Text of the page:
The way nonprofits and foundations sometimes communicate about the people and communities they serve undermines their own goals and values.

“Asset framing” instead defines people by their aspirations and contributions before acknowledging the challenges that they face.

Defining people by shared values is one form of asset framing. The people you work with will see themselves reflected in positive, affirming ways and others can be encouraged to see them in a new light.

At the Independent Sector’s Our Common Future conference in Detroit, a standing-room-only crowd of nonprofit and foundation professionals gathered for a session titled “Aspire to Inspire?” to learn about the art and science of aspirational communication. I co-led the session with Ben Evans, managing director of BMe Community, which works to “build caring and prosperous communities inspired by black men.”

Most of the people in the room had dedicated their careers to serving people and communities. Ben walked us through a powerful exercise, which demonstrated that the way nonprofit and foundation professionals communicate about those people and communities might actually undermine our very goals and values.

He asked us to stand up if we’d ever heard that the black poverty rate is very high. Everyone stood. He asked us to raise our hands if we’d heard that the black and Hispanic high school dropout rate is high. Every hand went up. He said to look around the room if we knew that black unemployment rates are far above the national average. Everyone looked around at a room packed with people of different races and ethnicities, all standing with their hands raised.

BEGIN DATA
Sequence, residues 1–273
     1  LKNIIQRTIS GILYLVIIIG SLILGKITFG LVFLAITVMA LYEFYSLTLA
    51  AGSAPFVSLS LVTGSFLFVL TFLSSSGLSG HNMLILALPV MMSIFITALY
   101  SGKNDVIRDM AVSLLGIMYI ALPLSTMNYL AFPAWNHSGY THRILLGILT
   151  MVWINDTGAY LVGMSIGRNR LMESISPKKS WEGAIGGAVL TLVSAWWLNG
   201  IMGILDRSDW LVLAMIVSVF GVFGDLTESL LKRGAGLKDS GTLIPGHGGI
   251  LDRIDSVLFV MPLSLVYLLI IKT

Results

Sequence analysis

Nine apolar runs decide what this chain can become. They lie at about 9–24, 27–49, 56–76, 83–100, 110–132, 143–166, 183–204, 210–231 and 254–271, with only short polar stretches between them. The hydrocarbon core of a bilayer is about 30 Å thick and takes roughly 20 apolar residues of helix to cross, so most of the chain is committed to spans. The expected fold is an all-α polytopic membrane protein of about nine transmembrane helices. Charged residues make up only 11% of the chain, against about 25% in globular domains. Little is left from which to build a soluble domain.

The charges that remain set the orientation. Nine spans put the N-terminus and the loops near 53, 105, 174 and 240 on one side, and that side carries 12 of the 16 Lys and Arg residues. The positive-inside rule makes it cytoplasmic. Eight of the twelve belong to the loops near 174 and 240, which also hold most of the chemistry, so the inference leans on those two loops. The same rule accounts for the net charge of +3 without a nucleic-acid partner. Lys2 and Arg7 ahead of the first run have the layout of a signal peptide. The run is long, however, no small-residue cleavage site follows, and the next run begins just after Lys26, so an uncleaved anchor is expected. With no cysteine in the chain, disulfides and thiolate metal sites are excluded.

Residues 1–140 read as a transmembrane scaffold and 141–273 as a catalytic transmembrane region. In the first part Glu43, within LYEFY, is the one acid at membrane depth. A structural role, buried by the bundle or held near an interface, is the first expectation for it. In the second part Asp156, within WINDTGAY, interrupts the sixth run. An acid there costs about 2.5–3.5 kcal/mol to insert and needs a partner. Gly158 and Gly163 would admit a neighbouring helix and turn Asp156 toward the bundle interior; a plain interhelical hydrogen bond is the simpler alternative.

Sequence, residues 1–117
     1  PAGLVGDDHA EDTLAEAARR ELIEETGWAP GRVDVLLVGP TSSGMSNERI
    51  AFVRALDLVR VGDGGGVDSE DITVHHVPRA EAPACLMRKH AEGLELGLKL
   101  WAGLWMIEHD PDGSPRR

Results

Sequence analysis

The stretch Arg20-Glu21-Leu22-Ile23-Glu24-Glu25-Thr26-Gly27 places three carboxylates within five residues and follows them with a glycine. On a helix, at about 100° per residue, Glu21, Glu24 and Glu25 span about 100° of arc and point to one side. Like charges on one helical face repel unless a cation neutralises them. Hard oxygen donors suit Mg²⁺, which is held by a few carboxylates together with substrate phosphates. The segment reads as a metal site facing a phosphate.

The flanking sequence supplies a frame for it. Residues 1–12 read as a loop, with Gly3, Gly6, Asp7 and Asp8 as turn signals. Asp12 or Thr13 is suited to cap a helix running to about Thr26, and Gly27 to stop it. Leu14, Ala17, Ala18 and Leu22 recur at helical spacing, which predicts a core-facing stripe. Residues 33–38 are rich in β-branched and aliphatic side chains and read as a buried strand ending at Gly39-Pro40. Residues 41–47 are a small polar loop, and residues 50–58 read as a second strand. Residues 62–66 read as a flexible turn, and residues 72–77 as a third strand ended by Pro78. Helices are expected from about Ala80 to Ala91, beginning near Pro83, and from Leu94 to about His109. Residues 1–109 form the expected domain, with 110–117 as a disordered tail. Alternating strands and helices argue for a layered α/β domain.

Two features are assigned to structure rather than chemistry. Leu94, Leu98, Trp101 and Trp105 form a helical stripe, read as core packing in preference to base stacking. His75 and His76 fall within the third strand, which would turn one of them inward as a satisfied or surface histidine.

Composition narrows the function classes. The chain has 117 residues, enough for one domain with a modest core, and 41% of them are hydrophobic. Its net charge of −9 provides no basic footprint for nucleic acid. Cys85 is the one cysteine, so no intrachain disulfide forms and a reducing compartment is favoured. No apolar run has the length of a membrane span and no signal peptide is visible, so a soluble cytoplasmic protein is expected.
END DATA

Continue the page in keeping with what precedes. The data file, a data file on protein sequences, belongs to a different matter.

We knew all those negatives. The statistics he was referring to support a dominant cultural narrative about men of color in America. Ben described it as a narrative of economic and educational failure that positions men of color as burdens on society.

Next he tested our knowledge about a different set of facts. He said to give a neighbor a high five if we knew the number of black millionaires in America. Nary a clap was heard. He said to dap a neighbor (aka bump fists) if we knew how many black and Hispanic men attended college. No fists bumped. He said to hug someone if we knew the number of black-owned businesses. One woman hugged a neighbor.

The lesson? “You can tell the story of black people as deficits, problems and threats in great detail. But when it comes to the story of black and brown people as assets and achievers in society you’re empty-handed.”

BMe calls this “deficit framing.” It’s not always intentional, but it has deeply negative consequences for the way people of color are perceived—and treated—in our society.

About those positive facts Ben alluded to earlier? At last report, there were 110,000 black millionaires in America. One third of black and Hispanic people ages 18 to 24 attend college. There are 2.6 million black-owned businesses (nearly 60 percent of them owned by women)—and black Americans are creating new businesses at two times the national rate.

Defining people by their achievements is one form of “asset framing,” in BMe’s terms. “Asset framing is defining people by their aspirations and contributions then acknowledging the challenges—which extend beyond them—and investing in them for continued benefit to society,” Ben explained.